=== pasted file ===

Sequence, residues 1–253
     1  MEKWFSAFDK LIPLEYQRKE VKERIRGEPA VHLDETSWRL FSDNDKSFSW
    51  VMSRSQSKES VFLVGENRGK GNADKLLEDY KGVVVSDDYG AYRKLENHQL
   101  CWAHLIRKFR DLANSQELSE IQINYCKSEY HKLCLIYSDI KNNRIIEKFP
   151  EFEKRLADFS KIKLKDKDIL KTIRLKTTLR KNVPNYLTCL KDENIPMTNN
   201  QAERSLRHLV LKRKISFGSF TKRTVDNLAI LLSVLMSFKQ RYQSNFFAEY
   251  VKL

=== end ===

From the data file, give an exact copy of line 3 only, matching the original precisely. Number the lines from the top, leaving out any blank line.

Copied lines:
    51  VMSRSQSKES VFLVGENRGK GNADKLLEDY KGVVVSDDYG AYRKLENHQL